Settler violence on the rise as olive harvest begins in West Bank

Since the beginning of the olive harvest two weeks ago, Israeli human rights organizations have documented 10 cases of settler violence and theft against Palestinians and their property. For now, it seems like the police are doing their job.

Palestinian farmers from the West Bank village of Qaryut assess the damage done to their olive trees the day before by Israeli settlers, October 20, 2013. Officials from the Palestinian Ministry of Agriculture on the scene counted 60 trees damaged belonging to 12 different farmers. (photo: Ryan Rodrick Beiler/Activestills.org)
Palestinian farmers from the West Bank village of Qaryut assess the damage done to their olive trees the day before by Israeli settlers, October 20, 2013. Officials from the Palestinian Ministry of Agriculture on the scene counted 60 trees damaged belonging to 12 different farmers. (photo: Ryan Rodrick Beiler/Activestills.org)

The olive harvest season, which began two weeks ago across Israel-Palestine, is one of the most heated seasons in the year for Palestinians in the occupied territories, especially for those living in Area C, under complete Israeli military control.

Nearly every plot of Palestinian land designated for farming in the West Bank is located in this area, yet 60 percent of that very land now belongs to settlement local and regional councils. Israel’s multifarious practices of dispossession, from land expropriations to declaring whole swaths of private property closed military zones, have restricted Palestinian access to their agricultural land. In many places, they are allowed access only during seasons when they plow the land, or during the olive harvest. The success of the harvest has a direct effect on their livelihood. Often times, land that has been abandoned by Palestinians due to settler violence is later taken over by those very same settlers.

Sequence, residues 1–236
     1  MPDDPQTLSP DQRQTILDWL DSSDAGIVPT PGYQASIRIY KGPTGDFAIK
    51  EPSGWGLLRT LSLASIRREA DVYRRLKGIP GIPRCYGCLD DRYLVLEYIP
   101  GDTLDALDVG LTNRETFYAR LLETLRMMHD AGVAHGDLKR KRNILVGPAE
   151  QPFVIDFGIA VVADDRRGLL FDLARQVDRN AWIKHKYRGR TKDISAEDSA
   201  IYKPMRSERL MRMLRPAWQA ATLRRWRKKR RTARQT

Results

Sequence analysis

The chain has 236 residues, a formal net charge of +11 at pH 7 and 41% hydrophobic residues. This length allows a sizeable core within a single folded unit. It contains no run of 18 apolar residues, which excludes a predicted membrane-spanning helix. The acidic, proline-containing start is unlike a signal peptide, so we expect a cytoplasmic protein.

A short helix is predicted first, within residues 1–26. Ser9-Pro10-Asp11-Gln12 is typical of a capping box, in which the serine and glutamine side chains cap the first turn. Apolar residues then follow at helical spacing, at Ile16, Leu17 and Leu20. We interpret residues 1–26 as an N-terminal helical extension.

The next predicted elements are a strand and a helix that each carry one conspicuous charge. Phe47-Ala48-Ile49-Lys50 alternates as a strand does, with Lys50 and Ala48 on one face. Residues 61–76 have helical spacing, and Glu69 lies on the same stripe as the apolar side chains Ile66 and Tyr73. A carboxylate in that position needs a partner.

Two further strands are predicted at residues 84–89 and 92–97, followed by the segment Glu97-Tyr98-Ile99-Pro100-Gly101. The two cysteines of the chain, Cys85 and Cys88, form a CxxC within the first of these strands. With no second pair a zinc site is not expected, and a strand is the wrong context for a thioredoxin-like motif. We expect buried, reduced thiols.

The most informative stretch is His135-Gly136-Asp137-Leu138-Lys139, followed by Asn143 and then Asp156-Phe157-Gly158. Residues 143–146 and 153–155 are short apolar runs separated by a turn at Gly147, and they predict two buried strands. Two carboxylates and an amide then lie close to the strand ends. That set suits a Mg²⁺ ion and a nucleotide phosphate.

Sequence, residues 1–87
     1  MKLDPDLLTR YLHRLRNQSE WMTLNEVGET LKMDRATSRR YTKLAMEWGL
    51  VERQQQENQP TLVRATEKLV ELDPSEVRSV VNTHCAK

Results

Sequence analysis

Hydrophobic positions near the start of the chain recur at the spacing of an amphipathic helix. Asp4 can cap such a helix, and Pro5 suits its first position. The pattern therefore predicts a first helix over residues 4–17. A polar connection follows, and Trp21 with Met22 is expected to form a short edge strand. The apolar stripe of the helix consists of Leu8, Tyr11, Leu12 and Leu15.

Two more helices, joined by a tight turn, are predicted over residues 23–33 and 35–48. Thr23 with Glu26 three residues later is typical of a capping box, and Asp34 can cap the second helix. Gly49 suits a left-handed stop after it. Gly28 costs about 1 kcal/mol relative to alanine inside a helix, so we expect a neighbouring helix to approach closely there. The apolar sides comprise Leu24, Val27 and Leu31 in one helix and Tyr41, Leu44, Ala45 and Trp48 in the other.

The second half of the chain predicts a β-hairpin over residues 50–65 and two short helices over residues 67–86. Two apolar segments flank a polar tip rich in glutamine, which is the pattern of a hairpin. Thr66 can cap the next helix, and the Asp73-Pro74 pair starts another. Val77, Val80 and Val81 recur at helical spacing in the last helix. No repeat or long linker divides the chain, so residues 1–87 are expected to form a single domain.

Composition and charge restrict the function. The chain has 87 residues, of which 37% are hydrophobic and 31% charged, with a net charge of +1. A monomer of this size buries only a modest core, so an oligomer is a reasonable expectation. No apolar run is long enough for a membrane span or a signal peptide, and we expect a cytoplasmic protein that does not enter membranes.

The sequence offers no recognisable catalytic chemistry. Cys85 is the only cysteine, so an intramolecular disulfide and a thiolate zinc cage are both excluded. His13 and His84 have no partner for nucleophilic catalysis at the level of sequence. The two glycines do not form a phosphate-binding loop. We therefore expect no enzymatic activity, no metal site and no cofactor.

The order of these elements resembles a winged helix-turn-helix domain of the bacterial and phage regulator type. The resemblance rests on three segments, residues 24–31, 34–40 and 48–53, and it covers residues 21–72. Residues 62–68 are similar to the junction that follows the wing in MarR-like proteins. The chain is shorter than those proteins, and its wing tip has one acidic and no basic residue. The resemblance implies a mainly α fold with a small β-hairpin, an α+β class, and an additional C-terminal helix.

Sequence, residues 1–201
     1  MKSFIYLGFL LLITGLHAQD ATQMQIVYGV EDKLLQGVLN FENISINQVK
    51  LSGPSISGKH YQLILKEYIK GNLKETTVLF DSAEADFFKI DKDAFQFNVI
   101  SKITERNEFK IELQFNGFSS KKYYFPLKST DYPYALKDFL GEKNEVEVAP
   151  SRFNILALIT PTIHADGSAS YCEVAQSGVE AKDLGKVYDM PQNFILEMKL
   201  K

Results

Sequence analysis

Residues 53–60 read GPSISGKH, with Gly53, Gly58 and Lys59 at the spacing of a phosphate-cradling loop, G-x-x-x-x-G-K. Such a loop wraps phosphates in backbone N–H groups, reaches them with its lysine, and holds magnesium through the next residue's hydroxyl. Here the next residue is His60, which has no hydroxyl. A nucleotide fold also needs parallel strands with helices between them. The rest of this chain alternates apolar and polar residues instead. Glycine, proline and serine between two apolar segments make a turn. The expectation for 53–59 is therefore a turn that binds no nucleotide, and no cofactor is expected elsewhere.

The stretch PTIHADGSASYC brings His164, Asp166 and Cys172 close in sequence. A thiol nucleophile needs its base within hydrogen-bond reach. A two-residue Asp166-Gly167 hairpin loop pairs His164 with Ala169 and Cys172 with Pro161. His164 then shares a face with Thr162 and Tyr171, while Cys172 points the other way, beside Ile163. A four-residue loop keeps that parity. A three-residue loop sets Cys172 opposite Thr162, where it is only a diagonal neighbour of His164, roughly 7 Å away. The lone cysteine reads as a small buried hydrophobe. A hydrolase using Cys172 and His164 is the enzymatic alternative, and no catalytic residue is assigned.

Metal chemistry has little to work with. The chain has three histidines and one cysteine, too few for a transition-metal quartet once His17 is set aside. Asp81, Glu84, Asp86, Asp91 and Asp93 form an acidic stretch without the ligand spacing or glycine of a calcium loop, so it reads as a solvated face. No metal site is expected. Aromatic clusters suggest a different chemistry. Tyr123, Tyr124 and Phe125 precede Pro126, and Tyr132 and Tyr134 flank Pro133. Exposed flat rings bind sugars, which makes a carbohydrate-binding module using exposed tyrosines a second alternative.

Every year at this time, like clockwork, Israeli settlers head out to Palestinian olive groves to sow destruction and violence. Since 2005, Israeli anti-occupation NGO Yesh Din has documented around 280 police cases relating to attacks on olive trees. According to the organization, only six of those cases ended in indictments. Over 93 percent of them were closed due to police failure to find the criminals or to gather the proper evidence to put the suspects on trial. Often times, the army simply “takes care” of conflagrations between settlers and Palestinians by preventing the Palestinians from accessing their agricultural land, a practice that has been roundly criticized by Israel’s High Court of Justice.

Thus, reports over the past few weeks of cases in which Israeli security forces actually caught settlers as they were harassing Palestinian farmers are surprising in just how out of the ordinary they are. Under normal circumstances, a news report on police catching criminals in the act as they attack innocent people would be a case of dog bites man. In the reality of occupation, this is clearly a case of man bites dog.

Last Sunday, for instance, settlers were caught stealing olives from a Palestinian grove adjacent the village of Al-Jinya, not far from the settlement outpost of Zait Ra’anan. Zacharia Sada, who coordinates Israeli NGO Rabbis for Human Rights’ field workers, witnessed the incident and directed the security forces to the area where they caught the suspects.